MS: Well (laughing), I’m glad they enjoyed all their lame shtick about boy, the last time they were at the White House, they really lit up the joint, or whatever Obama says. I regard David Cameron as one of the least impressive of Her Majesty’s prime ministers at the moment, and I think, I get rattled when people, when American conservatives, say, commend David Cameron as a model for the Republican Party. I’d much rather that Stephen Harper or Tony Abbott, and all kinds of other people were taken, if the Republican Party wants to learn from British commonwealth countries, I’d much rather they learned from a fellow like Tony Abbott than from David Cameron, who represents to me, I have to say, what happens when conservatism becomes unmoored from first principles, and just sort of floats around on one modish bit of twaddle to the next. And so I worry a bit when I read about American conservatives who claim to see an inspiring figure in Mr. Cameron.

HH: Well, the most disturbing thing, I’ll ask Burns about this, because he wrote the story two days ago, is the fact that the President and the prime minister agree that Israel should do nothing at this moment, regardless of what Israel thinks is in Israel’s best interest. And I find that it’s shocking for an American president, but given Great Britain’s historical, both present at the founding of Israel through the Balfour declaration and just recent history, I’m actually very surprised that Cameron would say anything on this subject, Mark Steyn.

MS: Well, there are two traditions in Britain. As you say, there is the Britain of the Balfour declaration, the very Judeophile strain in the British Conservative Party. Churchill was a great friend of the Jews, obviously. But then there is the kind of Arabist strain, which is now wholly dominant in the British Foreign Office. And it’s fascinating. If you read about colonial administrators in Mandate For Palestine in the 20s, they all went out from London to govern this little stretch of turf in the Middle East. And they found that the Jews had no use for them, because the Jews were busy tilling the soil, irrigating the land, growing crops, and getting on with stuff. The Jews made the world’s worst colonial subjects. And the British administrators could never get the hang of it, whereas the Arabs, who were sort of passive and fatalistic, and happy to have the fellows in the pith helmets swan in from London and do stuff for them, made perfect colonial subjects. And if you pitch is on now a couple of generations, that’s what’s happened. Those, the Jews are more reviled than ever by the British and the Europeans for their independence, for the fact that they made a go of it in this unpromising part of the world. And the Palestinians have become the world’s eternal colonial children. They’re maintained in these pseudo refugee camps by the U.N. They’re the only people who have a specific department of the U.N. to look after them. And we’ve now got third, fourth, fifth generations of them being raised…what kind of family stays for five generations in a so-called refugee camp? It’s absurd.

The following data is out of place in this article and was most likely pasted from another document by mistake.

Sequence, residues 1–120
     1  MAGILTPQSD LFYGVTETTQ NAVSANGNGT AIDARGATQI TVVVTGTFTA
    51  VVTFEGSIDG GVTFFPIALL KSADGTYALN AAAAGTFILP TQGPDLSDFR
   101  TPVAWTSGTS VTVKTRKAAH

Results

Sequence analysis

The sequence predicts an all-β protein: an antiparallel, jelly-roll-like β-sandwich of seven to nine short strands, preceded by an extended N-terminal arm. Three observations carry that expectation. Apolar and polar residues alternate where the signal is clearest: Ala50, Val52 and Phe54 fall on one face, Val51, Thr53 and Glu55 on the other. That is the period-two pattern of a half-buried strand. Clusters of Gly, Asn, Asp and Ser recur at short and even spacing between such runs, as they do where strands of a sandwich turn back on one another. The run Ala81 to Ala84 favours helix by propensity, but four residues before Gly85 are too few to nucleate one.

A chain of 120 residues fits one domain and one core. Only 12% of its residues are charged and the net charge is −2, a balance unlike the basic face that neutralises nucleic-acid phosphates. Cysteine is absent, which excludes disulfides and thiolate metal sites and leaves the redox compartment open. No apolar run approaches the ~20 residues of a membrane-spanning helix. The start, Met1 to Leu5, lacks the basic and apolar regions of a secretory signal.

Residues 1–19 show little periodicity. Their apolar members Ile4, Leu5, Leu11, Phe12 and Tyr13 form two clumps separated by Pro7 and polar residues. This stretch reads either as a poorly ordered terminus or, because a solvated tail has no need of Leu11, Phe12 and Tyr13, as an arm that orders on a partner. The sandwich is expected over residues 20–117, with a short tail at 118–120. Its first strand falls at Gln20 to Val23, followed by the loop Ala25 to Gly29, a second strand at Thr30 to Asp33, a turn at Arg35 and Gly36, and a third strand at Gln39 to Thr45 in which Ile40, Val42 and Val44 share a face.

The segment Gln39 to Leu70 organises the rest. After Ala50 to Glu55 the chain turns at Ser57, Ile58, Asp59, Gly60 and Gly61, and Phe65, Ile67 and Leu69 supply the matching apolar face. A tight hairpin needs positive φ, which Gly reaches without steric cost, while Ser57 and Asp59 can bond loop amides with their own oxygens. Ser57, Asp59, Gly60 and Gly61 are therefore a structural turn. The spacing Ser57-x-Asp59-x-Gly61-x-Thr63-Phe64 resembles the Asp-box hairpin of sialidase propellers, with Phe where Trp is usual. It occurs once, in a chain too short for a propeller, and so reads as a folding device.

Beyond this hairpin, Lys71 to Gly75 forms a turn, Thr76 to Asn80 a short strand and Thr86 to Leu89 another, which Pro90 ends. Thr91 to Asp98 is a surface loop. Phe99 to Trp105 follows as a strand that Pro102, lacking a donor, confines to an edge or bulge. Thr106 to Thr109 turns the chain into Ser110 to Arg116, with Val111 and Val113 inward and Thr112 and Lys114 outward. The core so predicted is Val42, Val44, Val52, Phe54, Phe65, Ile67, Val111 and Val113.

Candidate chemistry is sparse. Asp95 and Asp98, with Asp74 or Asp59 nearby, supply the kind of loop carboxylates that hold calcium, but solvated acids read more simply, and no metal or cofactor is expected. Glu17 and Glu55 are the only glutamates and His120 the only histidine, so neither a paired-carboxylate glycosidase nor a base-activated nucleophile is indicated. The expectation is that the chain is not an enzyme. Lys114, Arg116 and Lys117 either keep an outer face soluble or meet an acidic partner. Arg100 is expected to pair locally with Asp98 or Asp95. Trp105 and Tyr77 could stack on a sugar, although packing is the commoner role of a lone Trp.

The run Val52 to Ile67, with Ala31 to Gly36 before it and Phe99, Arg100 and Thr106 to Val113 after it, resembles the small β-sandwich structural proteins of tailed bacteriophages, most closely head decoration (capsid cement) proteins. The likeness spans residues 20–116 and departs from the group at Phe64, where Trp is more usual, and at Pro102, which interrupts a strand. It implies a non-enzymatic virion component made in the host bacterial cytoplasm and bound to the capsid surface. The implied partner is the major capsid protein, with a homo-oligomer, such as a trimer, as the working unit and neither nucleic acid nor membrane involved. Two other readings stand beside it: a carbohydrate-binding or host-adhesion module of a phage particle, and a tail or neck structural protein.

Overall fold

HH: Let me test out, Mark, my own theory about British hostility to Israel is that Israel is the living, breathing repudiation of the theory of inevitable national decline that Great Britain has clung to for the last 50 years. Well heck, if you look at 1945, Israel’s in a lot worse position than Great Britain was at the time.

MS: Oh yeah. No, I think that’s absolutely true. And I think it’s the fact that they bucked the odds. I mean, we should be cautious here, because you get a lot of, what I always like is when you’ll find Arabists, particularly among the intelligence community, among MI6, who express, you know, who are basically borderline anti-Semitic, but they’re in love with the Mossad, and would love to be in the Mossad. And but at heart, there’s something very sad going on in Britain. I mean, so much Jewish social life now, whether we’re talking about Jewish community centers or synagogues, or cemeteries, takes place under armed security. And it’s a great tragedy that a country that within the rather sort of, to damn with feint praise, had a better record than almost any of the Continental European countries on the subject of anti-Semitism, is in danger of getting sucked into this hideous resurgence of anti-Semitism that on the Continent, which is really the worst that it’s been since the 1930s. I mean, Jews are fleeing Malmo in Sweden. Jews are fleeing Swedish towns. It’s very unattractive what’s going on in Europe.

HH: It is the definition of feint praise. But we remember, and from 1948 forward, Israel has not had to rely on Great Britain. I doubt they will now. But David Cameron and Barack Obama sure do want them to. Mark Steyn, thank you for being here as always.

End of interview.